Tonto Residents Run To Higher Ground


Last week, the people of the communities north of Roosevelt Lake were hit hard when pouring rains flooded some homes and left more than 600 residents on the east side of Tonto Creek stranded.

People living on the east side are usually able to drive across the creek to town on Highway 188.

Although the creek level is still too high to cross, Gila County Sheriff's Office Chief Deputy Tom Melcher said they are not expecting flooding like last week. The sheriff's department has been operating a command center since that time with rescues or evacuations.

"As of (Monday) we will be breaking down the emergency services command post in Tonto Basin," Melcher said.

The command post was operating because of a threat of warm rain melting the snow up river this past weekend. That rain never came.

"We had so much snow on the water shed, if the heavy warm rain had arrived, we would have had some really heavy flows -- flooding like we haven't seen in a long time," Melcher said. "But it never materialized. We are watching the storm coming in and it is indicating a couple of inches of moisture, but much of the snow has already melted which really helps the situation."

Melcher said the water level in Tonto Creek may go up, but it doesn't mean there will be flooding.


Payson area Boy Scouts assist residents in Tonto Basin as they prepare for another round of storms that could produce significant rain and flooding.

According to the U.S. Geological Survey, Tonto Creek is currently running at 361 cubic feet per second, ten times the average rate.

"On Jan. 3, it peaked at a little over 50,000 (cubic feet per second)," Melcher said. "But 361 is still not a fun thing."

While residents on the east side are stranded, some people on the west side also suffered losses due to the flooding last week.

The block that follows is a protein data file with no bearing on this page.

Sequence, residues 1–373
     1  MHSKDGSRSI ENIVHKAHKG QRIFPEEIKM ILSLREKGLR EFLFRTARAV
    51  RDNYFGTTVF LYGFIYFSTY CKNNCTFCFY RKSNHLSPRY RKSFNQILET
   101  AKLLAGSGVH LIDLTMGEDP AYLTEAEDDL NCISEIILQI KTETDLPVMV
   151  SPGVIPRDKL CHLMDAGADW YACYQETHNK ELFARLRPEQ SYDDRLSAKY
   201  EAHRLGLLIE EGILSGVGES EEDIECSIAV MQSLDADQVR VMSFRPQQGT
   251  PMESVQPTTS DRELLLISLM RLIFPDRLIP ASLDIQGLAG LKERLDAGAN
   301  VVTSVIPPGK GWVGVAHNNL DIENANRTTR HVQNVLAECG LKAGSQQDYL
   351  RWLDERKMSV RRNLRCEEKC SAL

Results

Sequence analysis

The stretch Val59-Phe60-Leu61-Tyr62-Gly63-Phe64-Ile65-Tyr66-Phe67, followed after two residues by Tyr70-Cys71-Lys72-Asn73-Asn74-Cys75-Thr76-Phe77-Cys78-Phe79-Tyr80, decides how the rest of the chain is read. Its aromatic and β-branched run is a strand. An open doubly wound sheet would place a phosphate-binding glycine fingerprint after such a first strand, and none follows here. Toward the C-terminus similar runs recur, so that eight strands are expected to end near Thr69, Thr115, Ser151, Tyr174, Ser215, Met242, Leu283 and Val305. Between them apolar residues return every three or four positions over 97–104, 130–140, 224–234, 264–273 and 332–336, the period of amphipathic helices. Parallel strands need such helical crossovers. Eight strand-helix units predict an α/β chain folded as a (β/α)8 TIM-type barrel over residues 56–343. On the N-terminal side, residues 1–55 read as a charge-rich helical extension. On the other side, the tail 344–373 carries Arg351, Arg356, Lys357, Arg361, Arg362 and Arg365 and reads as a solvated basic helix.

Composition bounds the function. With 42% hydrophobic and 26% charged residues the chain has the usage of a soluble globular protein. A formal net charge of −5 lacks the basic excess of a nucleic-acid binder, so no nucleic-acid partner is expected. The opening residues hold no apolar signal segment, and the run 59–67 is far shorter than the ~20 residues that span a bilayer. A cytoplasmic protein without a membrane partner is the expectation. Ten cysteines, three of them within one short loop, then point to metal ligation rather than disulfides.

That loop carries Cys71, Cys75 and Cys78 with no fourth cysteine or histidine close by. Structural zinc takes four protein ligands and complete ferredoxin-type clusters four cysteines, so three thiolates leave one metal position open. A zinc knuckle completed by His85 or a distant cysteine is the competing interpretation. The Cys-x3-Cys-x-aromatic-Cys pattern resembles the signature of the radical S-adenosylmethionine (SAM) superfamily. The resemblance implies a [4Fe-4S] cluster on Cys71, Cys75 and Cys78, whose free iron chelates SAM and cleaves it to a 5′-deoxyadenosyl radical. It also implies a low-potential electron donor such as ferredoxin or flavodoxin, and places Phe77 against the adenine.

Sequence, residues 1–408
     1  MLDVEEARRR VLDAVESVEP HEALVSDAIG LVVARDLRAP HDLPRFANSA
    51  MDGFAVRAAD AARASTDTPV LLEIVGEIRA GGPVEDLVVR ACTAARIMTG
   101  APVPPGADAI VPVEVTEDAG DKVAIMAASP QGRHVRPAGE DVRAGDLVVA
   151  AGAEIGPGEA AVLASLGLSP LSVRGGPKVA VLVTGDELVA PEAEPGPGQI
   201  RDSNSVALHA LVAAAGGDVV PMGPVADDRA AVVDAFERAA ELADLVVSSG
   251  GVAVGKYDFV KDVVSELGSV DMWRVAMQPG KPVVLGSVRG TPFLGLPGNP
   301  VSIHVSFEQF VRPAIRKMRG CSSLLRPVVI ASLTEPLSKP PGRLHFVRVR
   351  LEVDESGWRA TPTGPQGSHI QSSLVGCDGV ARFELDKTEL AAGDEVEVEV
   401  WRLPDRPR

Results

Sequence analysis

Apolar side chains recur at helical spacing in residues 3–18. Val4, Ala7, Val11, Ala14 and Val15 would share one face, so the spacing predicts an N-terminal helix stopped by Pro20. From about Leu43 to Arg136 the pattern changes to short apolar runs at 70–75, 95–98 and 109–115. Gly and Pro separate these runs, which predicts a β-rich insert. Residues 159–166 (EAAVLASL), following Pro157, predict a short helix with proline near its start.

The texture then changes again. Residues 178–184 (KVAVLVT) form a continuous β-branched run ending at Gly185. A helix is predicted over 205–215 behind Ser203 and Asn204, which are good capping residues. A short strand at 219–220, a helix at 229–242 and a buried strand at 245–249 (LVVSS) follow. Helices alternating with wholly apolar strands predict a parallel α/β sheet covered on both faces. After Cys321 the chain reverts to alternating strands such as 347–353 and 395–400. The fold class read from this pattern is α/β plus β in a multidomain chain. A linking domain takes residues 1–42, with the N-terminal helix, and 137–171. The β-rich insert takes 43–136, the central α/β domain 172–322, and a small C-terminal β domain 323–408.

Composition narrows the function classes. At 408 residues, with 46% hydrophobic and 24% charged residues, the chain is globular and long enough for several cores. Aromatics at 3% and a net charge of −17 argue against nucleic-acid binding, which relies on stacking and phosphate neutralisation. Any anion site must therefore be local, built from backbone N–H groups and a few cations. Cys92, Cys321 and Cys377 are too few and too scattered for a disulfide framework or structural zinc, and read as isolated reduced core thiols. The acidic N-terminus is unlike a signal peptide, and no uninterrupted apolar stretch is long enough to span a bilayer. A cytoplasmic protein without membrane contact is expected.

Tonto Creek resident Iris Robbins said the water level rose above the foundation of her house.

"Think about everything in your home that would be covered by 2 feet of water -- that's what we lost," said Robbins. "We had to empty the entire house and rip out the carpet. We're moving into an apartment that someone has graciously offered, otherwise we would be staying at the shelter."

Melcher said two GCSO deputies are stationed in the Tonto Basin area, along with two six-wheel-drive military trucks that are being used to deliver supplies across Tonto Creek. An Army Blackhawk helicopter has also been dropping supplies off on the east side.

"We have been transporting medications and things people need to the east side," Melcher said.

Brenda Straw is a longtime resident of the east side of Tonto Creek and said there is no telling when she and others will be able to drive across.

"We've got this other storm coming now," Straw said. "It's hard to tell when we will be able to cross again. We have had deliveries of supplies and medicine. Now we are just waiting for our mail to be brought over."

Two other military trucks are stationed in Young and Deer Creek in case of flooding there, Melcher said.

While major flooding is not expected, Melcher said should anything happen, the sheriff's office will be mobilized to deal with it.

The National Weather Service in Flagstaff is forecasting a break in the weather pattern responsible for the series of storms by Wednesday.

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